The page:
“6. We are constrained to dismiss these petitions on the short ground that the petitioners have an equally efficacious alternative remedy by way of an appeal to the Prescribed Authority under sub-section (1) of Section 23 of the Act, then a second appeal to the Tribunal under sub-section (3)(a) thereoj and thereafter in the event the petitioners get no reliej to have the case stated to the High Court under Section 24 of the Act…… … … …”

14. The Hon’ble Supreme Court in Assistant Collector of Central Excise, Chandan Nagar, West Bengal Vs. Dunlop India Ltd. And Others, (1985) 1 SCC 260, by placing reliance on Titaghur Paper Mills (supra) has, inter alia, held as under:

“3. In Titaghur Paper Mills Co. Ltd. v. State of Orissa [(1983) 2 SCC 433 : 1983 SCC (Tax) 131 : 1983 Tax LR 2905 : (1983) 142 ITR 663 : (1983) 53 STC 315] A.P. Sen, E.S. Venkataramiah and R.B. Misra, JJ. held that where the statute itself provided the petitioners with an efficacious alternative remedy by way of an appeal to the Prescribed Authority, a second appeal to the tribunal and thereafter to have the case stated to the High Court, it was not for the High Court to exercise its extraordinary jurisdiction under Article 226 of the Constitution ignoring as it were, the complete statutory machinery. That it has become necessary, even now, for us to repeat this admonition is indeed a matter of tragic concern to us. Article 226 is not meant to short-circuit or circumvent statutory procedures. It is only where statutory remedies are entirely ill-suited to meet the demands of extraordinary situations, as for instance where the very vires of the statute is in question or where private or public wrongs are so inextricably mixed up and the prevention of public injury and the vindication of public justice require it that recourse may be had to Article 226 of the Constitution. But then the Court must have good and sufficient reason to bypass the alternative remedy provided by statute. Surely matters involving the revenue where statutory remedies are available are not such matters. We can also take judicial notice of the fact that the vast majority of the petitions under Article 226 of the Constitution are filed solely for the purpose of obtaining interim orders and thereafter prolong the proceedings by one device or the other. The practice certainly needs to be strongly discouraged.”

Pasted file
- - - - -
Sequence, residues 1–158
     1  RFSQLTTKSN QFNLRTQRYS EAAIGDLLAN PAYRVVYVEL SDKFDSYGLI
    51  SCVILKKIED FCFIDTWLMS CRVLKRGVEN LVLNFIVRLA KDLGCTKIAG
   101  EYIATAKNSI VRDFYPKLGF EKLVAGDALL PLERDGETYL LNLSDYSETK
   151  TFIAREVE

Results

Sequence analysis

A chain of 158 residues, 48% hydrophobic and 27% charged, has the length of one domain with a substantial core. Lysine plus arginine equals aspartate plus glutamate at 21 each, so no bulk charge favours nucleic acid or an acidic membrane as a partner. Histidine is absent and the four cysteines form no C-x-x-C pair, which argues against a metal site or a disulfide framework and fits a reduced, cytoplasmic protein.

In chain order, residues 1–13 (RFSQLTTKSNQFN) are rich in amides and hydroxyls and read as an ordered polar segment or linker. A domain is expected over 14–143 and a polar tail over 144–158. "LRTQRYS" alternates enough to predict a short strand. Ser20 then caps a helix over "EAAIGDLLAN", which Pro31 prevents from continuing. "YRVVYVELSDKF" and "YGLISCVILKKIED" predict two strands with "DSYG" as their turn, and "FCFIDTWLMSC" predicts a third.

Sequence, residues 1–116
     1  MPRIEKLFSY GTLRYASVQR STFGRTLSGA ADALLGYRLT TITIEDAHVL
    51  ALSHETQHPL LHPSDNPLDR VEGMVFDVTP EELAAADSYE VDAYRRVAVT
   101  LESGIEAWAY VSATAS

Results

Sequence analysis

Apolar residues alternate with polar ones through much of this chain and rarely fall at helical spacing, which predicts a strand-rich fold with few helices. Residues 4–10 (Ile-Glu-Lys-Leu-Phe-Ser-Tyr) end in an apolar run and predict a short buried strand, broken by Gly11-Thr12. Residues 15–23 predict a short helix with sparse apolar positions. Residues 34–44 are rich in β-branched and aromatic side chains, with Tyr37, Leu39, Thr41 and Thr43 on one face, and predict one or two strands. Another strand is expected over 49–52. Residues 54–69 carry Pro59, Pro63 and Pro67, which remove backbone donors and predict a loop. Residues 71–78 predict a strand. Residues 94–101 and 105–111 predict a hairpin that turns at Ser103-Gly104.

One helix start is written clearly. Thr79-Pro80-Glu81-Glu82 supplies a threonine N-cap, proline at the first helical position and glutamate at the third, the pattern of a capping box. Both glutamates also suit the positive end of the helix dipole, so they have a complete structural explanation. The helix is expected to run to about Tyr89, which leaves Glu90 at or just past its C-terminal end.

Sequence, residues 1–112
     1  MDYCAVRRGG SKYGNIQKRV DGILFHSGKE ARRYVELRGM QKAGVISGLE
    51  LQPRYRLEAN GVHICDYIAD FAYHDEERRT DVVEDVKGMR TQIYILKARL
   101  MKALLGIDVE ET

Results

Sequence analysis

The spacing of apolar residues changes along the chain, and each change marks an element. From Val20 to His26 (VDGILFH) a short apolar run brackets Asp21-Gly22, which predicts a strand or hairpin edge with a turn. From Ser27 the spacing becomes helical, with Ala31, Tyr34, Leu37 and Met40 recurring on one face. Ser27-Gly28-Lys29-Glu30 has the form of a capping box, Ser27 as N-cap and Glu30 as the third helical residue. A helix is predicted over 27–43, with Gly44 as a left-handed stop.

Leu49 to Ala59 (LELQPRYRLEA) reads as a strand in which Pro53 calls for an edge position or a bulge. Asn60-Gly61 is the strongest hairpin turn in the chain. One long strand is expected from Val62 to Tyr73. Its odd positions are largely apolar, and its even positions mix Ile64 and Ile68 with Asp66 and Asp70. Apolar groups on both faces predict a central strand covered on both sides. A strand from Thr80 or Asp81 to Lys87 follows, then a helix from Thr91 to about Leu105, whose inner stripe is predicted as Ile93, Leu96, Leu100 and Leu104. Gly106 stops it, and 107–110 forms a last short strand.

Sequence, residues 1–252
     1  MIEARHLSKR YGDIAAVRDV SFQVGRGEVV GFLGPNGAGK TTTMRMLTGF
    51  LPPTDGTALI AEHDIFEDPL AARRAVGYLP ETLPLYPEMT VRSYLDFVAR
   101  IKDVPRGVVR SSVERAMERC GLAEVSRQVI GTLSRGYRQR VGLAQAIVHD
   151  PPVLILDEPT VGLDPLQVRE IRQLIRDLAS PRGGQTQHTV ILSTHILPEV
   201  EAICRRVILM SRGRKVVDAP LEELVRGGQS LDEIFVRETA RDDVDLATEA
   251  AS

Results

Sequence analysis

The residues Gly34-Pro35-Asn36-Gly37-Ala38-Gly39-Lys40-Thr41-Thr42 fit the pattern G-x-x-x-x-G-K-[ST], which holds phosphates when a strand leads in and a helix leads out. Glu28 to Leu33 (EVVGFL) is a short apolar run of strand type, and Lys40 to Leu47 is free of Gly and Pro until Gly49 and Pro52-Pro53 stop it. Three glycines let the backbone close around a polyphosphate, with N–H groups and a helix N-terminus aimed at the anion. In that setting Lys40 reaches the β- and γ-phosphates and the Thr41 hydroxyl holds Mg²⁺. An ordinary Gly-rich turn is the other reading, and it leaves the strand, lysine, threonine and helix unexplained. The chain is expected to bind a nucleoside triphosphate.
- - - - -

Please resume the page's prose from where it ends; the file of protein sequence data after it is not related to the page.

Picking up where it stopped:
15. The Hon’ble Supreme Court in Punjab National Bank Vs. O.C. Krishnan and Others, (2001) 6 SCC 569, has, inter alia, held as under:

“5. In our opinion, the order which was passed by the Tribunal directing sale of mortgaged property was appealable under Section 20 of the Recovery of Debts Due to Banks and Financial Institutions Act, 1993 (for short “the Act”). The High Court ought not to have exercised its jurisdiction under Article 227 in view of the provision for alternative remedy contained in the Act. We do not propose to go into the correctness of the decision of the High Court and whether the order passed by the Tribunal was correct or not has to be decided before an appropriate forum.